Article 14: The way God gives faith. In this way, therefore, faith is a gift of God, not in the sense that it is offered by God for man to choose, but that it is in actual fact bestowed on man, breathed and infused into him. Nor is it a gift in the sense that God bestows only the potential to believe, but then awaits assent—the act of believing—from man’s choice; rather, it is a gift in the sense that he who works both willing and acting and, indeed, works all things in all people produces in man both the will to believe and the belief itself.

Article 16: Regeneration’s effect. However, just as by the fall man did not cease to be man, endowed with intellect and will, and just as sin, which has spread through the whole human race, did not abolish the nature of the human race but distorted and spiritually killed it, so also this divine grace of regeneration does not act in people as if they were blocks and stones; nor does it abolish the will and its properties or coerce a reluctant will by force, but spiritually revives, heals, reforms, and—in a manner at once pleasing and powerful—bends it back. As a result, a ready and sincere obedience of the Spirit now begins to prevail where before the rebellion and resistance of the flesh were completely dominant. It is in this that the true and spiritual restoration and freedom of our will consists. Thus, if the marvellous Maker of every good thing were not dealing with us, man would have no hope of getting up from his fall by his free choice, by which he plunged himself into ruin when still standing upright.

Article 17: God’s use of means in regeneration. Just as the almighty work of God by which he brings forth and sustains our natural life does not rule out but requires the use of means, by which God, according to his infinite wisdom and goodness, has wished to exercise his power, so also the aforementioned supernatural work of God by which he regenerates us in no way rules out or cancels the use of the gospel, which God in his great wisdom has appointed to be the seed of regeneration and the food of the soul. For this reason, the apostles and the teachers who followed them taught the people in a godly manner about this grace of God, to give him the glory and to humble all pride, and yet did not neglect meanwhile to keep the people, by means of the holy admonitions of the gospel, under the administration of the Word, the sacraments, and discipline. So even today it is out of the question that the teachers or those taught in the church should presume to test God by separating what he in his good pleasure has wished to be closely joined together. For grace is bestowed through admonitions, and the more readily we perform our duty, the more lustrous the benefit of God working in us usually is and the better his work advances. To him alone, both for the means and for their saving fruit and effectiveness, all glory is owed for ever. Amen.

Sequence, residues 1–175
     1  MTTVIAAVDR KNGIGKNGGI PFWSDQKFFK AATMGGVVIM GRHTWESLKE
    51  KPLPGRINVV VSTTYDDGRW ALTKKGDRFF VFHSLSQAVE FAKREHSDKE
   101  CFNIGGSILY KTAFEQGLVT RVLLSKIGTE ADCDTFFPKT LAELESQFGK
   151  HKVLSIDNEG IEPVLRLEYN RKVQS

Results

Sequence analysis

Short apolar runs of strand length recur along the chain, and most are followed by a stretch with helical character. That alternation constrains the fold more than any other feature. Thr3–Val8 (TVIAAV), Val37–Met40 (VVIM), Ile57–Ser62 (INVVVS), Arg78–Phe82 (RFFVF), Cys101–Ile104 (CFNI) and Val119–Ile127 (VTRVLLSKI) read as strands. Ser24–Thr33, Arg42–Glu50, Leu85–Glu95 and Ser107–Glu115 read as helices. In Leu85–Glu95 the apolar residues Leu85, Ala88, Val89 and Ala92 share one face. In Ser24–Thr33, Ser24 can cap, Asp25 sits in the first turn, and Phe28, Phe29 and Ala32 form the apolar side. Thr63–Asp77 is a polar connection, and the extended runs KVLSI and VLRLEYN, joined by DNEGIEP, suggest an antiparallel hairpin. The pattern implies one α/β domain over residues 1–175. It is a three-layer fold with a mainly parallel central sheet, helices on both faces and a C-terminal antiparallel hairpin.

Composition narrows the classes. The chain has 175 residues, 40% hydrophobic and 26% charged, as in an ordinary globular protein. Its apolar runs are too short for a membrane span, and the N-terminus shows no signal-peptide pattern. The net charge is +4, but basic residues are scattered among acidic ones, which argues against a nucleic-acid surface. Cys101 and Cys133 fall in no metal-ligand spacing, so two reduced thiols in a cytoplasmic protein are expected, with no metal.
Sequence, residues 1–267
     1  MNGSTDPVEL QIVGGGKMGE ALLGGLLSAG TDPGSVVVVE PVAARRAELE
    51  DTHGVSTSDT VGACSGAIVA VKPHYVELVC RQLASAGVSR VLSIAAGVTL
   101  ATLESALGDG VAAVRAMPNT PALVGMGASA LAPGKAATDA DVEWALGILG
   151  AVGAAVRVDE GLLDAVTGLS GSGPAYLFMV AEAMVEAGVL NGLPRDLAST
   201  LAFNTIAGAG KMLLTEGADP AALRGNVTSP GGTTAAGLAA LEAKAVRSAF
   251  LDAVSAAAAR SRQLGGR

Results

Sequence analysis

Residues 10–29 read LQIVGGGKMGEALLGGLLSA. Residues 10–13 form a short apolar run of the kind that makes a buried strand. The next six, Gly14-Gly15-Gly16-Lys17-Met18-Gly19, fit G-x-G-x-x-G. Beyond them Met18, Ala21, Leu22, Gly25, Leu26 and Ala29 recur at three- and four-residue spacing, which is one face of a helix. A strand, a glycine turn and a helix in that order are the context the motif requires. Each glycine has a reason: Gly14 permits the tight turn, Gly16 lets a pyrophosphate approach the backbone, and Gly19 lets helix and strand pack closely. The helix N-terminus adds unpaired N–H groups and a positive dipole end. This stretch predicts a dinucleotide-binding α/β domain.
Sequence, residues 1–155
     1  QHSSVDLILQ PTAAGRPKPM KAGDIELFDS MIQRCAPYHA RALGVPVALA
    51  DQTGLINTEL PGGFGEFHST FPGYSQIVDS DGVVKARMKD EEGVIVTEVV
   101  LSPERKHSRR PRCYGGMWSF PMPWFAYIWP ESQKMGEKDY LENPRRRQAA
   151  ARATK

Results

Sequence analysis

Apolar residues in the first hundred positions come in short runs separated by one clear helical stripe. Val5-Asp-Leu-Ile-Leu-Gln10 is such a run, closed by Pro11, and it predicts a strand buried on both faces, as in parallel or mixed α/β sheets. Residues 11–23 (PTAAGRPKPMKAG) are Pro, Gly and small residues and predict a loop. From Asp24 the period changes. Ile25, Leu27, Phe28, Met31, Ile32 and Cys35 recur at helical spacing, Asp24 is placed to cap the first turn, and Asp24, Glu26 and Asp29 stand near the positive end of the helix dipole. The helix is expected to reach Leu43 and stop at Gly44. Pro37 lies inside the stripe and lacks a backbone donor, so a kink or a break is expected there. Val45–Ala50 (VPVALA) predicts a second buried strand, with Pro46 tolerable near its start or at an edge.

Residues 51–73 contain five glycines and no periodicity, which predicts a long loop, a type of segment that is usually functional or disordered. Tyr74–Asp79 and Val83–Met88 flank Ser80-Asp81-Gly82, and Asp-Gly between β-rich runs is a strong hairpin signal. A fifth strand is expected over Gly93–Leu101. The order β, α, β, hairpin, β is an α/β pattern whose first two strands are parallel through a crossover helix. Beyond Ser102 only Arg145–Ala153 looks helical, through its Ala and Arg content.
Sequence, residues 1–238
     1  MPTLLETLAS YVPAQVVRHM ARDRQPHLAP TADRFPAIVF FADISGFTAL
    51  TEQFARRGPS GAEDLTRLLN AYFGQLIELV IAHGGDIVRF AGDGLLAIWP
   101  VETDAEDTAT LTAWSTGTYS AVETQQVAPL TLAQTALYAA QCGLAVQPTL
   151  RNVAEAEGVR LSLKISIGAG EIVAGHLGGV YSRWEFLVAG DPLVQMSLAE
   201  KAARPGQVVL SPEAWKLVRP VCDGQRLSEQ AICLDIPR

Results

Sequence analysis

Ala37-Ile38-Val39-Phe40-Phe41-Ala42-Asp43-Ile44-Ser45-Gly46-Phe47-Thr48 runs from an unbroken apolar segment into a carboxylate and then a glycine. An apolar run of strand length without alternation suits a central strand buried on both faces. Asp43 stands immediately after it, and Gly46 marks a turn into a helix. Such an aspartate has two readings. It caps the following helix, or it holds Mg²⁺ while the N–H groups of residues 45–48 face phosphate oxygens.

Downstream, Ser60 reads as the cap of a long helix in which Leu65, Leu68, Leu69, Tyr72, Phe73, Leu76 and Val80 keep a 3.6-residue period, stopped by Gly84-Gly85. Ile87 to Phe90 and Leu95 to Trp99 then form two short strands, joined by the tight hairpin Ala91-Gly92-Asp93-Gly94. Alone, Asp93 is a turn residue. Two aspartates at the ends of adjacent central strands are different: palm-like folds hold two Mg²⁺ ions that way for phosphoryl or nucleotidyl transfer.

What do regular coffee, acoustic guitars, and black-and-white television have in common? All are what journalist Frank Mankiewicz calls “retronyms”—words or phrases created because a familiar word needs to be distinguished from a term that refers to a new development or invention. Once, all coffee was regular, all guitars were acoustic, and all TVs were black and white. Not so today, thus the need for a growing list of retronyms, including decaf mocha java, electric guitar, and high-def television. It could be said that Jesus turned the phrase physical birth into a retronym when He told an inquiring man named Nicodemus, “Unless one is born again, he cannot see the kingdom of God” (John 3:3).